Tuesday, 21 May 2013

Review of Malgosia Stepnik: City of Angels at 20 Eastcastle Street

Malgosia Stepnik: City of Angels
20 Eastcastle Street
25 April – 23 May 2013

I try not to go to exhibitions with preconceptions or expectations, but with a title like City of Angels, I did, perhaps foolishly, expect Polish-born Malgosia Stepnik’s current show at 20 Eastcastle Street to be somewhat pleasant to the eye and gentle on the mind. But I was mistaken. City of Devils would actually be a more appropriate name. The painted-over photographs, displayed in LED frames, and the purpose-designed wallpaper, confront the visitor with zombie-like creatures, both disturbed and disturbing, with faces overrun by amorphous fluorescent spillages, dripping from their mouths, and scaly, scabies-like spots spreading across their beleaguered visages. The hallucinogenic colours conjure up a very bad trip, and the wallpaper, quite frankly, would induce nightmares of the very worst kind. 

Stepnik, whose work draws on the tradition of semi-autobiographical and confessional art produced by women artists since the 1960s, and is further influenced by philosophers such as Carl Jung (1875-1961), herself studied Sociology, Psychology and Philosophy in Wroclaw, before coming to London and acquiring a Fine Art Degree in 2008. Her multimedia approach incorporates photography, painting, performance and film, and, alongside the still works on show, there is also a film to be watched, and the opening night viewing was accompanied by a haunting and traumatised performance in which Stepnik, clad in a hospital gown, lopped handfuls of her hair with blunt scissors. Perhaps her aim is to voice a critical comment on the aesthetic focus and values of contemporary society, where even beauty is no longer beautiful until it has been airbrushed or “perfected” still further?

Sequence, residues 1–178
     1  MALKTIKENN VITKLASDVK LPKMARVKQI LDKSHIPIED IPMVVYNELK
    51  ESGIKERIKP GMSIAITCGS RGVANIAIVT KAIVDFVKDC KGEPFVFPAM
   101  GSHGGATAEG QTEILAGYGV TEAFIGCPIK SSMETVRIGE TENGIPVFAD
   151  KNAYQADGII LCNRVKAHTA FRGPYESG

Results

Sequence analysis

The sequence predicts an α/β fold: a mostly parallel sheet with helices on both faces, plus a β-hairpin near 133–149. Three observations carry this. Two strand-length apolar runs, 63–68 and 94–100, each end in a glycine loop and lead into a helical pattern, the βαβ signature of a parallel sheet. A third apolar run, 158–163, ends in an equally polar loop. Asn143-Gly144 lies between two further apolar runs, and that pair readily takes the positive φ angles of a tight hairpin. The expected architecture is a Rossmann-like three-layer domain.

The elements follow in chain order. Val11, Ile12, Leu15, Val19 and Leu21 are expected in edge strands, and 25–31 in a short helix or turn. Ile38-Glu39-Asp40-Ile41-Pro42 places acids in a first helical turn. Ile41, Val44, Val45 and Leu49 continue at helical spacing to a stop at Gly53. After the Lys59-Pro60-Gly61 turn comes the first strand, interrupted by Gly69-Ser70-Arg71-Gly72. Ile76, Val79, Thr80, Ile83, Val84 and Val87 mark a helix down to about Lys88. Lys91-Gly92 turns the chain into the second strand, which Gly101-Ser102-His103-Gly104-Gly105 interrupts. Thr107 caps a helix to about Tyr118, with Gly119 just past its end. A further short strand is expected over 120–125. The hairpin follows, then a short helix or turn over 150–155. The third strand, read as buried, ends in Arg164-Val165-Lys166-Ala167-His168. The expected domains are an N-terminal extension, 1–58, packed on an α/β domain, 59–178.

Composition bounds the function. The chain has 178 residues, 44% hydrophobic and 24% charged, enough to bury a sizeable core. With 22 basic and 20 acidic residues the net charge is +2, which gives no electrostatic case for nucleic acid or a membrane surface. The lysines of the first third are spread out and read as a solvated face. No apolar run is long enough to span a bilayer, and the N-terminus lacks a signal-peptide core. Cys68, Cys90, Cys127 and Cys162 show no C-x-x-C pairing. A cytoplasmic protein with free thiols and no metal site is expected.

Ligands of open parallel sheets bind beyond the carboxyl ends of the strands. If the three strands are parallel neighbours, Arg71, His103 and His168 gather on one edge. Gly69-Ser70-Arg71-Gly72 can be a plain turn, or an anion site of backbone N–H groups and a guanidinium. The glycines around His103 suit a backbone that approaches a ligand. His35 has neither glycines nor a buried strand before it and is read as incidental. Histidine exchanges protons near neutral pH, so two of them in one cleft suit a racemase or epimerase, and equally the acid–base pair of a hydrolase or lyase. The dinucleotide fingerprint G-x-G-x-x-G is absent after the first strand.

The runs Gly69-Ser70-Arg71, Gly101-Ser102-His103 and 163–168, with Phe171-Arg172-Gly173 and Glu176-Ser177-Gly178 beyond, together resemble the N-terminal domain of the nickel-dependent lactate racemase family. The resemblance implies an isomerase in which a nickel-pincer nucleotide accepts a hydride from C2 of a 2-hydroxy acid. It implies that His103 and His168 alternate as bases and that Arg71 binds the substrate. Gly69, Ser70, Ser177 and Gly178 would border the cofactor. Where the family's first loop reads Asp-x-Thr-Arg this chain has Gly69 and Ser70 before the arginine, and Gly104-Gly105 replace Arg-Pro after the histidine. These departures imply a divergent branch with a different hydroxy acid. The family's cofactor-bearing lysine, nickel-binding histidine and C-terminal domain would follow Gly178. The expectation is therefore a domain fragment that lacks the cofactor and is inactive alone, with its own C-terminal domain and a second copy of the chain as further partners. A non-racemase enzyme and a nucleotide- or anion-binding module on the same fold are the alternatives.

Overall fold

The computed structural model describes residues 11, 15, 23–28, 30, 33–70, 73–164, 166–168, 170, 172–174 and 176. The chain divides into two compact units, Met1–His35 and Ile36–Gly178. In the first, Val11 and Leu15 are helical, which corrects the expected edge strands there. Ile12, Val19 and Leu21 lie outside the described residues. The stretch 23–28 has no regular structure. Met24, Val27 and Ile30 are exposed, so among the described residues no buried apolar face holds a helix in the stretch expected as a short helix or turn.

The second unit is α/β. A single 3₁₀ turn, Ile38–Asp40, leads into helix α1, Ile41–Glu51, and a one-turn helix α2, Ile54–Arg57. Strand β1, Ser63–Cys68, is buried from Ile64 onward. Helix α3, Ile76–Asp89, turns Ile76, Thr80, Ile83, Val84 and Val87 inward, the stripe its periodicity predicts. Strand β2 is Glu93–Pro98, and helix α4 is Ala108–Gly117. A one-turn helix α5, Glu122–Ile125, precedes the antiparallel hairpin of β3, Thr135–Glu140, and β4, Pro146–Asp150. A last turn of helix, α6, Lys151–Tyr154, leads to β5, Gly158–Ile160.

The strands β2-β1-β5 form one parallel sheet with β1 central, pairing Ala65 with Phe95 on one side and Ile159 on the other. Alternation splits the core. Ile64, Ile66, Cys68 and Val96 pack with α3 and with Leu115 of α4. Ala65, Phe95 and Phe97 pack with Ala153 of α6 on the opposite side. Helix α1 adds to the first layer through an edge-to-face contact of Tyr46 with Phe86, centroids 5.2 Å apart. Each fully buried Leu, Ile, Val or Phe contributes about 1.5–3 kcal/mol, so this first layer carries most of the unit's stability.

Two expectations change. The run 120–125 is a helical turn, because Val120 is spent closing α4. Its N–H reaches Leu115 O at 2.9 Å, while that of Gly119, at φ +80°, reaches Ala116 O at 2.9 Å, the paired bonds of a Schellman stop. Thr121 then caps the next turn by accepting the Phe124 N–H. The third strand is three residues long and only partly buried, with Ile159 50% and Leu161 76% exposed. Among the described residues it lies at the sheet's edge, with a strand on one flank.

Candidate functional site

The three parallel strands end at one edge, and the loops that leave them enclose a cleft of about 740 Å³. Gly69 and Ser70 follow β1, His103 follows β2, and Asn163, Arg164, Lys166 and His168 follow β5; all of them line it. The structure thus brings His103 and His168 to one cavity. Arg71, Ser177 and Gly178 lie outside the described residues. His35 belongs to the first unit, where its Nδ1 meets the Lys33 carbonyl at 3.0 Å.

Admittedly, close-up, there is something strangely alluring about the glittering scabied pockmarks of the photoworks, raised blobs of acrylic paint, glistening like gemstones in the LED light, but even so it reminds me of Count Robert de Montesquiou’s topaz-encrusted tortoise from Belle Époque Paris, which epitomises the desire to adorn and beautify taken to such an extreme that one becomes blind to nature’s joys, inflicts cruelty, and truly loses sight of aesthetic pleasure.


Installation shot

Performance shot


All courtesy the artist (Malgosia Stepnik) and curator (Beverley Knowles)

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